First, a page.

Port of Colombo holds great potential as a possible destination for cruise ships, given the increasing importance of this segment for the tourism sector. The second port in the sector’s development strategy is Galle, 130 km south of Colombo. Formerly one of Sri Lanka’s most historic ports, present- day Galle has lost out to other harbours due, in part, to the local geology, as the surrounding waters are shallow and dredging is difficult. On the other hand, Galle’s historic status makes it a tourism draw; the natural harbour has been in use since the 12th century, and its Dutch fort is a UNESCO World Heritage Site. The government therefore aims to develop Galle as a cultural leisure and cruise destination. This will involve relocating Galle’s existing naval base to nearby Hambantota. The SLPA has also been looking improve the port’s cargo facilities, but in early 2017 plans for this, along with the construction of a larger yacht marina and cruise ship facilities, were still at the discussion stage.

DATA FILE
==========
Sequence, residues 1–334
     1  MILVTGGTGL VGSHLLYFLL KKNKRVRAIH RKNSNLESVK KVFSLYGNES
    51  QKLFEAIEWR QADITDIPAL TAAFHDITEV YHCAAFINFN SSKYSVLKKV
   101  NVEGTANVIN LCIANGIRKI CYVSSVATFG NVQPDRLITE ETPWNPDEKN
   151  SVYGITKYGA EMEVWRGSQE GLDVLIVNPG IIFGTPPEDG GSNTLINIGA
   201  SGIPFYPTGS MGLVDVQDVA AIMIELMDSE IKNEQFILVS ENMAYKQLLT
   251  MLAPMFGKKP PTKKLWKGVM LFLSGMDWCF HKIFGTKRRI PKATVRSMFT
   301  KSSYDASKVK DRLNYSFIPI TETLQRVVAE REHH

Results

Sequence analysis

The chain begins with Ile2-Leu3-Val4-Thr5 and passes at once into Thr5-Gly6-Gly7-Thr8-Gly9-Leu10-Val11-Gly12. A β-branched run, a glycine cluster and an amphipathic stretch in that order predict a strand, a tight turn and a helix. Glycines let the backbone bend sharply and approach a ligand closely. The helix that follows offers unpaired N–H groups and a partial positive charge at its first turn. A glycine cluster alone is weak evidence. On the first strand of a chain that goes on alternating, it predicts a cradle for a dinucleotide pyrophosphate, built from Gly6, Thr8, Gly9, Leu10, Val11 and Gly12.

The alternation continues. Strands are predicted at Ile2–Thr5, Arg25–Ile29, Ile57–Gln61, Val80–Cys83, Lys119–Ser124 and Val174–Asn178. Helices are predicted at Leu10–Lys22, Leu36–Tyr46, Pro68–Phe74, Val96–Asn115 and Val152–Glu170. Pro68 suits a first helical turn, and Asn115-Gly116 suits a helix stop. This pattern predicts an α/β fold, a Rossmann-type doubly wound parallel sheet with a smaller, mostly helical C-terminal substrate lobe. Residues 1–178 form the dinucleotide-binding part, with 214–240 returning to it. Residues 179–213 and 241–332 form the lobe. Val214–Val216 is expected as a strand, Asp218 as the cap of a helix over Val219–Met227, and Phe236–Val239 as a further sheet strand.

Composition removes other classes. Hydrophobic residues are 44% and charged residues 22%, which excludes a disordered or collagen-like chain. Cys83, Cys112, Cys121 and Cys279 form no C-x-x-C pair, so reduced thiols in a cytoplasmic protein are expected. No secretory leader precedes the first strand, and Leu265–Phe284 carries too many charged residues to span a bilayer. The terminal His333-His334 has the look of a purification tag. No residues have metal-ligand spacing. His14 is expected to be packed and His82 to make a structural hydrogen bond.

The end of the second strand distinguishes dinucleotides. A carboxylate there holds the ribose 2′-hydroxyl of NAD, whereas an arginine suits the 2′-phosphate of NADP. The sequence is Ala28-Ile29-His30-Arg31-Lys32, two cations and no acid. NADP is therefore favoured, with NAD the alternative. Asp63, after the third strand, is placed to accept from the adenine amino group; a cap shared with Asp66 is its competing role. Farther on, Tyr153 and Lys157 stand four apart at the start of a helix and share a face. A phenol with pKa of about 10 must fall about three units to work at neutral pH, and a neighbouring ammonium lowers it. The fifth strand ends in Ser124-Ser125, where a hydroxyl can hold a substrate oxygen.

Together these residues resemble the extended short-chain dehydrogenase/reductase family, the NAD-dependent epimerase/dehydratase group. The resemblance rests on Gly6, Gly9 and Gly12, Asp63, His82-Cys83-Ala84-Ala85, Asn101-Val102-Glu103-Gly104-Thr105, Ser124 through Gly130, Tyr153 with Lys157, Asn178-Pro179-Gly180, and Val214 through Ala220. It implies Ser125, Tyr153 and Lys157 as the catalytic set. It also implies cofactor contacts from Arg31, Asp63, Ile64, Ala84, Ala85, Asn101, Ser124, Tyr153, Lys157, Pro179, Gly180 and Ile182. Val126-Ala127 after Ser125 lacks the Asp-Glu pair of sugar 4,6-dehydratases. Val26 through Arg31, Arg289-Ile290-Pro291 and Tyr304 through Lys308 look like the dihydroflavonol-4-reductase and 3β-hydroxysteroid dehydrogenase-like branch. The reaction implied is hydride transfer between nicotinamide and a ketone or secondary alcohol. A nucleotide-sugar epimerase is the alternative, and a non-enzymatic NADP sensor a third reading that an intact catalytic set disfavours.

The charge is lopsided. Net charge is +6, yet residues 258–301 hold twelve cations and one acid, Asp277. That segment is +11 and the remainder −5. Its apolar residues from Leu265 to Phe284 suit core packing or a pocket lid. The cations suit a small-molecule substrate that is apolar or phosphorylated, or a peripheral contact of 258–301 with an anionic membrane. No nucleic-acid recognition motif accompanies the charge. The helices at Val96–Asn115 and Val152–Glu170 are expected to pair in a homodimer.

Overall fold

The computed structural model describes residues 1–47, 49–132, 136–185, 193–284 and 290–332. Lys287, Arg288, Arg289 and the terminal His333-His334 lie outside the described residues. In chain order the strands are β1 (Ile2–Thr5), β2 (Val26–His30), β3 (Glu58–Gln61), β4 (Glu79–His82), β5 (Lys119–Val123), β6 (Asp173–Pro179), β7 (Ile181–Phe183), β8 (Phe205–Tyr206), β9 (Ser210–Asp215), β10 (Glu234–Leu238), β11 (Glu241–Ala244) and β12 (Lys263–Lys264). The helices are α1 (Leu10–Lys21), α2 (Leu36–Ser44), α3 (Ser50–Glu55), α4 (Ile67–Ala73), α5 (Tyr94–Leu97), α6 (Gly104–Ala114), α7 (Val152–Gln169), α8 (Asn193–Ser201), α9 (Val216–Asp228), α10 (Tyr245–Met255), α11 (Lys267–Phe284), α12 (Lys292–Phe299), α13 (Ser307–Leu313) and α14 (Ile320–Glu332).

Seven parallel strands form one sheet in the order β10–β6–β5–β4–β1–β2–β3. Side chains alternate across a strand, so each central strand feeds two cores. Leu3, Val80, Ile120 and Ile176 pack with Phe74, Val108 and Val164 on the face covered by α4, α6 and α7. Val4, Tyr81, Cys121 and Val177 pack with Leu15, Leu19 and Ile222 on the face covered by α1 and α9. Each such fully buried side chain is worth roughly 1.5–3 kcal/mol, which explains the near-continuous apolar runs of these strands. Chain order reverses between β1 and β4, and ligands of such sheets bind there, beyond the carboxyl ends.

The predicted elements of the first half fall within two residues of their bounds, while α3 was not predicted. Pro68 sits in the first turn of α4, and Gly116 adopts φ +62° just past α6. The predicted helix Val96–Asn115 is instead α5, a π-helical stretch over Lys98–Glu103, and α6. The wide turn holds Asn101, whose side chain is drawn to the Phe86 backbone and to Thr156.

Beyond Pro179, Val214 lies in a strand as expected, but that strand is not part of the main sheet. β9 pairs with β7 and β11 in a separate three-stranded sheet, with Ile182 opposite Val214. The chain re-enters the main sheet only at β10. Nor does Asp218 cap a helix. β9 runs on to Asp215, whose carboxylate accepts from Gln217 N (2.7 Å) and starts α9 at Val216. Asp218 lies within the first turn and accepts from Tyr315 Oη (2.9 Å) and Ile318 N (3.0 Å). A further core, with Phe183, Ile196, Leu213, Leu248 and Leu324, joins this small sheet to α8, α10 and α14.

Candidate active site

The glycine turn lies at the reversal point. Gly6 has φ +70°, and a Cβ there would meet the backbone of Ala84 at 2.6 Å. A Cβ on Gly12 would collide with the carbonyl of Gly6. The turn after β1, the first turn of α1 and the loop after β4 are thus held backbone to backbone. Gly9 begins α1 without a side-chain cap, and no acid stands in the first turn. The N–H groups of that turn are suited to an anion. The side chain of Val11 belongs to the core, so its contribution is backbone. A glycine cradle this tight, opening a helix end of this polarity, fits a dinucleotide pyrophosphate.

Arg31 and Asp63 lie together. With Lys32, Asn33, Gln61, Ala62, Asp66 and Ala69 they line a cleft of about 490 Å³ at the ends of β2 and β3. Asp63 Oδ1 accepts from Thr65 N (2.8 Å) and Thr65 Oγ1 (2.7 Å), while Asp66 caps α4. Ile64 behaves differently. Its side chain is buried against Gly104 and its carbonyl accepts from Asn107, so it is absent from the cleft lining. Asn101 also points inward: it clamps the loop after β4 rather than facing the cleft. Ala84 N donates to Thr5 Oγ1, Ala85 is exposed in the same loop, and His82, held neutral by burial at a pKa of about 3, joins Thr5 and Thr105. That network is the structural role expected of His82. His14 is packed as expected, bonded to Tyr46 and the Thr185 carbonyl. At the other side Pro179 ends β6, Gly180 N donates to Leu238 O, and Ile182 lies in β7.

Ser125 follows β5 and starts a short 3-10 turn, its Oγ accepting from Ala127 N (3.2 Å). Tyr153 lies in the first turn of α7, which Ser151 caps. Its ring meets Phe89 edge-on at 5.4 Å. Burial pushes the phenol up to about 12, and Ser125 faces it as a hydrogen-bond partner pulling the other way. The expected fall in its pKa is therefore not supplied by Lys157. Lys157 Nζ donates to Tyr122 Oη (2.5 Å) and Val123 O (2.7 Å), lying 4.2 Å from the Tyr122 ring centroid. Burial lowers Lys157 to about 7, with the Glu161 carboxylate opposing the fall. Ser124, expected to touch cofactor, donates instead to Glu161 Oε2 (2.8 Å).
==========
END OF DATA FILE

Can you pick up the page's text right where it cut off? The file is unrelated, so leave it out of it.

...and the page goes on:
Roughly 100 km east from Galle lies the third port in the strategy: MMRP in Hambantota. MMRP was also constructed by CCCC, with China EximBank providing a $1.4bn loan to finance it. Connected to the nearby MRIA airport, MMRP has an access channel 210 metres wide and 17 metres deep, enabling it to handle vessels of up to 100,000 deadweight tonnes. Featuring roll-on/roll-off facilities and oil, multi-purpose and container terminals, it has attracted overspill car carriers from Colombo and Chennai. Indeed, the port is a local hub for India’s small car industry, while also serving Japanese car manufacturers, such as Hyundai. Discussions are under way to develop existing facilities into a free-trade zone adjacent to the port, increasing the port’s attractiveness. However, MMRP has significant debts. In December 2016 CMPH signed a deal, later described as more of an memorandum of understanding, to buy an 80% stake in the port for $1.1bn. Essentially a debt-for-equity swap, the deal would leave SLPA with a 20% stake. However, after meeting with opposition from local residents, in March 2017 local press reported the government was considering scaling back the deal.